Many athletic horses suffer tendon and ligament injuries, which can end a competitive life not handled quickly.
Tendons and ligaments are similar in structure, but, generally speaking, tendons are more flexible and stretch more. Both are made up of collagen, a tough protein substance found in skin, tendons, bone, cartilage, ligaments, and all other connective tissues. Collagen allows tendons and ligaments to stretch and contract and also gives them their toughness.
Part nine of the anatomy and physiology series concentrates on the tendons and ligaments in the limbs of the horse, especially the forelimbs, which often are the sites of injury and disease. This article examines the construction of tendons and ligaments, how they function, and what can happen when something goes awry.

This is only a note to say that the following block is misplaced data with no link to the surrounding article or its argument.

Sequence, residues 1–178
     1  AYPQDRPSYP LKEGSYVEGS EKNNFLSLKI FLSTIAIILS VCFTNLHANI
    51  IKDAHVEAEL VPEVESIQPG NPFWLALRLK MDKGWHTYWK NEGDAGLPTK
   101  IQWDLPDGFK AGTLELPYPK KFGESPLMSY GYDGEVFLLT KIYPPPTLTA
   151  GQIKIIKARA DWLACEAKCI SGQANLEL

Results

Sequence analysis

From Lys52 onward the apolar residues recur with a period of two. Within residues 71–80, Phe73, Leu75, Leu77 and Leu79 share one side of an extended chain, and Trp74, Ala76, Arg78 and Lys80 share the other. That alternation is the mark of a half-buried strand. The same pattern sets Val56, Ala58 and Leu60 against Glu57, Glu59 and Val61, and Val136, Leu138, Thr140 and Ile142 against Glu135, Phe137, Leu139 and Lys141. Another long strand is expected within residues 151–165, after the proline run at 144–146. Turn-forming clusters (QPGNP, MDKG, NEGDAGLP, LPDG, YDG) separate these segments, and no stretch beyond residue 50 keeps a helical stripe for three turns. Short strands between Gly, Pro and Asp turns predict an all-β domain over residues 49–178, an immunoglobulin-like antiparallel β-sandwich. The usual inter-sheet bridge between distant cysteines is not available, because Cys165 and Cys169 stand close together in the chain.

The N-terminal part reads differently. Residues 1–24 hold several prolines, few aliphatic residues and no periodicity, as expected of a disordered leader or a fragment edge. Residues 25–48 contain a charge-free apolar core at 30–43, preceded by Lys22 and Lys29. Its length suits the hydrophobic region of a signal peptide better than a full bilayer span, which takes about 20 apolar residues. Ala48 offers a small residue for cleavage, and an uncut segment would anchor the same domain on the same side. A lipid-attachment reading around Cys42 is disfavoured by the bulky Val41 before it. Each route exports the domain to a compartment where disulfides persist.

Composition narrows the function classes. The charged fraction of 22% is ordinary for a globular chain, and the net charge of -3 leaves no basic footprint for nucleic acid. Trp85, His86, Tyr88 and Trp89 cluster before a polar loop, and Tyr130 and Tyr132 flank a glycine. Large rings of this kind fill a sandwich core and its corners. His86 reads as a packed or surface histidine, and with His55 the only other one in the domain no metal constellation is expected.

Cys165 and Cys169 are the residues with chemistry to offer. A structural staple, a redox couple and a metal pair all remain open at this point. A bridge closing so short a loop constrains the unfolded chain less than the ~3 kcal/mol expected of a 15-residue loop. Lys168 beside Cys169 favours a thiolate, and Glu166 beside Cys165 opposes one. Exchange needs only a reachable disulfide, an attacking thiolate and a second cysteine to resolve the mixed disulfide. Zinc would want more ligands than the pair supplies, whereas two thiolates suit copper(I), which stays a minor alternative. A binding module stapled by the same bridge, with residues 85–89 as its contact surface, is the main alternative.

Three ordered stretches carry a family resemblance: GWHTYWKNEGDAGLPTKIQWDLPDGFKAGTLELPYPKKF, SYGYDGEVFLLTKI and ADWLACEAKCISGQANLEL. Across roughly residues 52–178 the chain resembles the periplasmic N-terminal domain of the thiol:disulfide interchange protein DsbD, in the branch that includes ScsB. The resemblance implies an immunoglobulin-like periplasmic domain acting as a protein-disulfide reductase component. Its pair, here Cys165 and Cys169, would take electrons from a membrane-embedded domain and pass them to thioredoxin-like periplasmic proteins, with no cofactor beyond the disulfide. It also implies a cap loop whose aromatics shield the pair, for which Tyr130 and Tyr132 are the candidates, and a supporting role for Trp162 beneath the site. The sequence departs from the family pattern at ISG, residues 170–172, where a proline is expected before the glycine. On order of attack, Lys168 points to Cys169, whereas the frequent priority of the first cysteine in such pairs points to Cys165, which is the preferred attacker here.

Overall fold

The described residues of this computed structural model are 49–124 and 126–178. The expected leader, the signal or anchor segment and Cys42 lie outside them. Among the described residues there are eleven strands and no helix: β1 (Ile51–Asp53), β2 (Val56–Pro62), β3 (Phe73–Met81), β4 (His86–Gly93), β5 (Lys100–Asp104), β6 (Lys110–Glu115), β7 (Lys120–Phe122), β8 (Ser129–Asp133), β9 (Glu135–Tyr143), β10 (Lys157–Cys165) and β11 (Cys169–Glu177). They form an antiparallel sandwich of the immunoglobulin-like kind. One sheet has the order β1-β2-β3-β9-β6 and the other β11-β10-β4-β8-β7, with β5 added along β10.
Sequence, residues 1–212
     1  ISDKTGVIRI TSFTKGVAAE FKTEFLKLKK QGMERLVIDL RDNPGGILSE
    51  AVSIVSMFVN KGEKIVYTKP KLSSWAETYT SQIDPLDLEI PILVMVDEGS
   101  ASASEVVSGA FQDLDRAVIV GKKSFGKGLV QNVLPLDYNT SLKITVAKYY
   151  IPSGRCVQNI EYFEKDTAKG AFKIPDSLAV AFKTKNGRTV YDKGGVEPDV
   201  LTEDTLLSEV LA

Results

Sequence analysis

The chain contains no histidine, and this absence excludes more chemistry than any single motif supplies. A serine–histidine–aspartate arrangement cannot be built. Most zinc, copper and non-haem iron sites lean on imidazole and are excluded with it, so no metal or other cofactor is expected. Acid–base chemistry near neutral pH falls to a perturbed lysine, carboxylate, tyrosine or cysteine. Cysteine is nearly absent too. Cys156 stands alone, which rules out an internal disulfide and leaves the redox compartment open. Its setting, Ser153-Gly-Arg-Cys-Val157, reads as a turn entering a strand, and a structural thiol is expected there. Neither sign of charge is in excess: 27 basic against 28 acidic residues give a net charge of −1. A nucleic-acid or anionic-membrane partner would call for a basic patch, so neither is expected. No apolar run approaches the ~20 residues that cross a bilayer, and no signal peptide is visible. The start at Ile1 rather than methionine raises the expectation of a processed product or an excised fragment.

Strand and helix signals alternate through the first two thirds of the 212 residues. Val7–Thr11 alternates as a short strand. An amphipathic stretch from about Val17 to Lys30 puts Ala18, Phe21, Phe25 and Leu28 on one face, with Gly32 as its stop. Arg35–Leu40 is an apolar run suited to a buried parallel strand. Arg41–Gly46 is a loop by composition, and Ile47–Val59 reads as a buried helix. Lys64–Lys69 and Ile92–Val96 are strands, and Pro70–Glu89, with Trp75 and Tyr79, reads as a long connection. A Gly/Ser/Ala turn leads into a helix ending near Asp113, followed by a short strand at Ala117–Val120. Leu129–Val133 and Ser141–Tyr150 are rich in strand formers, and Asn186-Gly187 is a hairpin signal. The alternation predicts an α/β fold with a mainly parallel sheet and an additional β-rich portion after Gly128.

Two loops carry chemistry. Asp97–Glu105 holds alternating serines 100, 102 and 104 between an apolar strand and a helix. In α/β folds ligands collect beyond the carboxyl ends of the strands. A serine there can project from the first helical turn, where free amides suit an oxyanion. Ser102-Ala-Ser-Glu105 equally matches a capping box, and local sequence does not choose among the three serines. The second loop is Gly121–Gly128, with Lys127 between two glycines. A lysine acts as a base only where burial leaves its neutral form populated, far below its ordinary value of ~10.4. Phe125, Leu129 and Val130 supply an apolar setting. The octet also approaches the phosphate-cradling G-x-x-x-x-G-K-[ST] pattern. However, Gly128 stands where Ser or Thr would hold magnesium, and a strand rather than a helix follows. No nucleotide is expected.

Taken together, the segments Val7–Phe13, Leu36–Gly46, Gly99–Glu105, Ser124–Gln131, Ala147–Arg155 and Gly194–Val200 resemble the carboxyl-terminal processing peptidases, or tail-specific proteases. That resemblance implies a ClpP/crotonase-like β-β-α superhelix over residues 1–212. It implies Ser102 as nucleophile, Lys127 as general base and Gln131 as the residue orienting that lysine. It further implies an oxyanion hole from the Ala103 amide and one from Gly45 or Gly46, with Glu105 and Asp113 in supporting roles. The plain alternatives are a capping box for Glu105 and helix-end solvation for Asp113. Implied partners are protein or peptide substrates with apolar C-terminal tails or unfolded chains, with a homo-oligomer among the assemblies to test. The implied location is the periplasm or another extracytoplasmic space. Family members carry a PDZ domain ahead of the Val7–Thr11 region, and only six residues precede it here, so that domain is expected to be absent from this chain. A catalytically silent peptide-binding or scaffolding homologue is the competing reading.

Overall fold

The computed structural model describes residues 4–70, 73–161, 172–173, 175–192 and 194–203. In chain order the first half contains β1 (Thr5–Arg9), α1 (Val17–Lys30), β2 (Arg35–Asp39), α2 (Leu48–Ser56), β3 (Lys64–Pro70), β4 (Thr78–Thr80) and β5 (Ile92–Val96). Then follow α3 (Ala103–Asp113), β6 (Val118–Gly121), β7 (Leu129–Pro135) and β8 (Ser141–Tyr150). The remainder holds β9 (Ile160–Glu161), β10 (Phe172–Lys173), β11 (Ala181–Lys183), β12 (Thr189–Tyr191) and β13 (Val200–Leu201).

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- Study: Horse Fitness, Layups, Usage Linked
- Diagnosing Equine Neck Conditions
- Horses' Physiologic Responses to Exercise
- Muscle Problems Can Cause Poor Equine Performance
- Results of Standing Fracture Repair in Racehorses Examined
- Nutritional Support for Injured Equine Athletes
- Study Evaluates Injectable Treatment for Tendon Injuries
- Regulatory Veterinarian Checks in Horse Racing
- Horse Gaits: Sound Doesn't Equal Symmetrical